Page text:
The terms “corporate social responsibility” and “CSR” (or CSER to include environment) are constant buzzwords in the nonprofit and corporate worlds. To me, it’s not just “corporate”, it’s everyone. People get so riled up about what corporations should or should not be doing –- when’s the last time you considered what YOU should be doing? Social responsibility is for all of us; it’s about being a good citizen (individual or corporate) and sharing responsibility for our community –- local, national, global.
If you’re an individual, you can use energy-efficient light bulbs, separate your recycling and trash, and volunteer at your local school or food bank. Just for starters.
If you’re a sole proprietor or small business, you can donate your expertise (sometimes called pro bono or skilled volunteerism) to provide graphic/web design, legal, writing, accounting, carpentry or whatever skills you have to your community –- local church, nonprofit organization, school, etc. In my ad agency days, we regularly donated our services to create United Way’s leadership giving invitation package for their annual event. When I worked as a freelance writer, I did pro bono PR for numerous organizations, plus donated my time to develop taglines for C-SNIP (Community Spay Initiative Partnership); they chose “the best choice for your best friend”.
If you’re a larger business, you may be able to give significant financial grants, run a workplace campaign to raise resources from employees, mobilize your employees as volunteers, champion a certain cause/issue, and use your corporate assets (providing product/in-kind donations, offering your facilities as meeting space, raising awareness using your communication channels:website, social media, ad space or customer bill stuffers), etc.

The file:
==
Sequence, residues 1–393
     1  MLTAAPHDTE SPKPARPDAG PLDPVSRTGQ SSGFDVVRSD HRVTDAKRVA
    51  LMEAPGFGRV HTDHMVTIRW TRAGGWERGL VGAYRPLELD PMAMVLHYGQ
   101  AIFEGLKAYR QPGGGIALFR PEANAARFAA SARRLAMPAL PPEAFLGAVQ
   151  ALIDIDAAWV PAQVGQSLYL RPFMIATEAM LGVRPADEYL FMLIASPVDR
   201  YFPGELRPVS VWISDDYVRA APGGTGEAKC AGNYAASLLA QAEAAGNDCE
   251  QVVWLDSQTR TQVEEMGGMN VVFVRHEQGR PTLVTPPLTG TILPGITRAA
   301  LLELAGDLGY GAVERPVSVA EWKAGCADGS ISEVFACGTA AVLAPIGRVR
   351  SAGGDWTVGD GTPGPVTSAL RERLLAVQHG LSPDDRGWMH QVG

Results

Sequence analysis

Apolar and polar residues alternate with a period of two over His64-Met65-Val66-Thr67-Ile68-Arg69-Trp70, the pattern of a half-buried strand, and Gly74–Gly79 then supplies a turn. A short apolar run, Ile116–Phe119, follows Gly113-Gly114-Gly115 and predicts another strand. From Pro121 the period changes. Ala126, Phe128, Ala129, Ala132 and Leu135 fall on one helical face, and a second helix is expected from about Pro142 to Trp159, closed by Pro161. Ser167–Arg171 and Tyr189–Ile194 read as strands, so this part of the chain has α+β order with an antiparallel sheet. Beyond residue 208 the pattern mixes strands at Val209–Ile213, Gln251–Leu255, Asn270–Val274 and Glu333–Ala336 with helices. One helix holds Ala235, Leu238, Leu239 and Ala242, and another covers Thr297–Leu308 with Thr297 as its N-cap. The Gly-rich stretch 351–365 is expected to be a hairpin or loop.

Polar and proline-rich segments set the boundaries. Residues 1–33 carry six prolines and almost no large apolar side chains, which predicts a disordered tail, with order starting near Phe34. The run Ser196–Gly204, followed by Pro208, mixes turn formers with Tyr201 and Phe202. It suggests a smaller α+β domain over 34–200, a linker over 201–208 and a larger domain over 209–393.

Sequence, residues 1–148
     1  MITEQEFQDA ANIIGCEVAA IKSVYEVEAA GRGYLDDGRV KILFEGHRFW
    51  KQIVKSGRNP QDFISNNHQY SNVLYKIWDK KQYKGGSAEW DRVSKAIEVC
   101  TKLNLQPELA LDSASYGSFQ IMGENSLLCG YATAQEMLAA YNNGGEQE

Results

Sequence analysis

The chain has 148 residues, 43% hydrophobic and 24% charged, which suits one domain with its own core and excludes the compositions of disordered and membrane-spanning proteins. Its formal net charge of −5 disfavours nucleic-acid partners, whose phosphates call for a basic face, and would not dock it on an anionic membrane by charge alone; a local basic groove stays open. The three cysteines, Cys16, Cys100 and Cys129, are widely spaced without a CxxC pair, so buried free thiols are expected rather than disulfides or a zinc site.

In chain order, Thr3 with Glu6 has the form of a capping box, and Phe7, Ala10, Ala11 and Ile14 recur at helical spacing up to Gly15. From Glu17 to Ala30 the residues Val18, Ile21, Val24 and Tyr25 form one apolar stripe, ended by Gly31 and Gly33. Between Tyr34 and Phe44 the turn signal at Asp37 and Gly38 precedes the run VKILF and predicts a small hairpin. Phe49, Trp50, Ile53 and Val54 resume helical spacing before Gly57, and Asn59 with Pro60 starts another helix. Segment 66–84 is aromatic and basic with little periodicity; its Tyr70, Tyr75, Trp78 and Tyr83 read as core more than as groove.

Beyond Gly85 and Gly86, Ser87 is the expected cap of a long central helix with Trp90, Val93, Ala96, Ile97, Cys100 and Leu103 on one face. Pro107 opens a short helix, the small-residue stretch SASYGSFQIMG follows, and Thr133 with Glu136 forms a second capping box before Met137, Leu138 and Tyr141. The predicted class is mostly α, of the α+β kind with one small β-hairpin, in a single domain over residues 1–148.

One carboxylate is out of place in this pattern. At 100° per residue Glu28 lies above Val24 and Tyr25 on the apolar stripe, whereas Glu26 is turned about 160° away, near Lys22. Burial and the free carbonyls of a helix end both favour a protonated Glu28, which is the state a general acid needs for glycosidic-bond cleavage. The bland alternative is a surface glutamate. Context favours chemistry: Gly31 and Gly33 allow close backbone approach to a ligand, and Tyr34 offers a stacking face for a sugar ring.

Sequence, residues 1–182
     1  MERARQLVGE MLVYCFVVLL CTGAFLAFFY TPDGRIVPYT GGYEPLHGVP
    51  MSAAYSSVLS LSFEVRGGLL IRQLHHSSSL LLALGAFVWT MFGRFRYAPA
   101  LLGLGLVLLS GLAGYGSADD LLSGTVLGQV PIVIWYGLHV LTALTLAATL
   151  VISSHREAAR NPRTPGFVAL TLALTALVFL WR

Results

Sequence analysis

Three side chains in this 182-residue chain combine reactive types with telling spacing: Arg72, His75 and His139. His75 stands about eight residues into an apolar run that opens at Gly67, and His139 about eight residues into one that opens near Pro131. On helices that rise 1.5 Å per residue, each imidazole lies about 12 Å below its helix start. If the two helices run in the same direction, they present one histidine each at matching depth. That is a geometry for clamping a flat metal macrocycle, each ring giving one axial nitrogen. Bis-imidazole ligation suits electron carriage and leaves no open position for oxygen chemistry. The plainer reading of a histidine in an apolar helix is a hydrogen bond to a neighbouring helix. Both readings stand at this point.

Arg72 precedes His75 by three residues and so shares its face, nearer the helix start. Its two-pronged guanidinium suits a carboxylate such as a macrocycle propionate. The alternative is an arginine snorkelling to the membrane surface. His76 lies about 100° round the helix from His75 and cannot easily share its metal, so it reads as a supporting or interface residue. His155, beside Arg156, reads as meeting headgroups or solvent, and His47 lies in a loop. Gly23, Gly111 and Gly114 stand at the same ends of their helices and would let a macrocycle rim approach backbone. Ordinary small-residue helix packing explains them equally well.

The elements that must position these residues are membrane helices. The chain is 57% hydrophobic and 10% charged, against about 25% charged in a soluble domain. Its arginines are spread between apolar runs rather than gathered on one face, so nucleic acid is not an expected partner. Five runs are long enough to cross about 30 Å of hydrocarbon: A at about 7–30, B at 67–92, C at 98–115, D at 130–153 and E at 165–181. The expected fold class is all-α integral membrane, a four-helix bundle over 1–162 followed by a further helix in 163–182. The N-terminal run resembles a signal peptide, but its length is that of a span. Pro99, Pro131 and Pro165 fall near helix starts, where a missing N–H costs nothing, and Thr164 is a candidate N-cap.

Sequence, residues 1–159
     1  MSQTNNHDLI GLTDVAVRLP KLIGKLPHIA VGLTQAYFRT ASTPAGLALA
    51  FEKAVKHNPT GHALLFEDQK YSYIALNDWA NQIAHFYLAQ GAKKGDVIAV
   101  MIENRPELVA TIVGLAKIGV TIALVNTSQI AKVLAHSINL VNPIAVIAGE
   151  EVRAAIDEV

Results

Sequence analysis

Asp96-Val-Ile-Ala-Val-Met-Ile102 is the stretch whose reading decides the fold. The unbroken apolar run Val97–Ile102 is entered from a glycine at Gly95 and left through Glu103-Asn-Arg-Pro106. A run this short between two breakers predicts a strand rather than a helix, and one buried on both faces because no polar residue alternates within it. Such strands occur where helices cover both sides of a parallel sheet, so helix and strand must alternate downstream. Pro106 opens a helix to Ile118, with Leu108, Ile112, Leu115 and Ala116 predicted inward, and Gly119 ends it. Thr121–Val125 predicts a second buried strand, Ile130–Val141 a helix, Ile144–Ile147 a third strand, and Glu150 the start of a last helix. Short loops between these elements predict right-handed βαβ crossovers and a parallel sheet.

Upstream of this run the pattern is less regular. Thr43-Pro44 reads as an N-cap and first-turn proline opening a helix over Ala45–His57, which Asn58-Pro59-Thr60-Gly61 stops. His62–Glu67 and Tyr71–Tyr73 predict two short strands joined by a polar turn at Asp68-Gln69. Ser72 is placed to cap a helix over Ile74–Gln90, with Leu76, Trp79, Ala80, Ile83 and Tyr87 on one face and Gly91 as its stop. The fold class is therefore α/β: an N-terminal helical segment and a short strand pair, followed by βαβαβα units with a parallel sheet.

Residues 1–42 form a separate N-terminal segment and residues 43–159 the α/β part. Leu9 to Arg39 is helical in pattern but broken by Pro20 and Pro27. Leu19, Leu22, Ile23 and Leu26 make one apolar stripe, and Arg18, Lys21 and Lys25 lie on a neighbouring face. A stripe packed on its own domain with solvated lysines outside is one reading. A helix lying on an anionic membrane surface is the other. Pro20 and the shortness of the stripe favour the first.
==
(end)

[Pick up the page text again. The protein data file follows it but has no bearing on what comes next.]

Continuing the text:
Individuals and businesses have different causes they champion based on their experiences:
- A loved one was affected by a disease which motivates a person/company to give, advocate and volunteer to find a cure.
- Someone just has a certain passion area (animals, child trafficking, women’s rights, the arts).
- Your unique expertise or assets make you especially qualified to tackle a certain community issue (you’re an attorney and volunteer to help an immigrants rights organization).
- A particular issue affects you (individual or business) because of your geographic location or the business you are in. A doctor might really be interested in cures for diseases or preventive health. A business might want to revitalize the neighborhoods surrounding their workplace and stores to provide a stronger workforce and customer base.
The point is, everyone can do something. As Merry says to TreeBeard in Lord of the Rings: The Two Towers, “But you’re part of this world, aren't you?” (And eventually, TreeBeard and the Ents went to war to help save Middle Earth.)
We're all part of this world, so what are YOU going to do about it?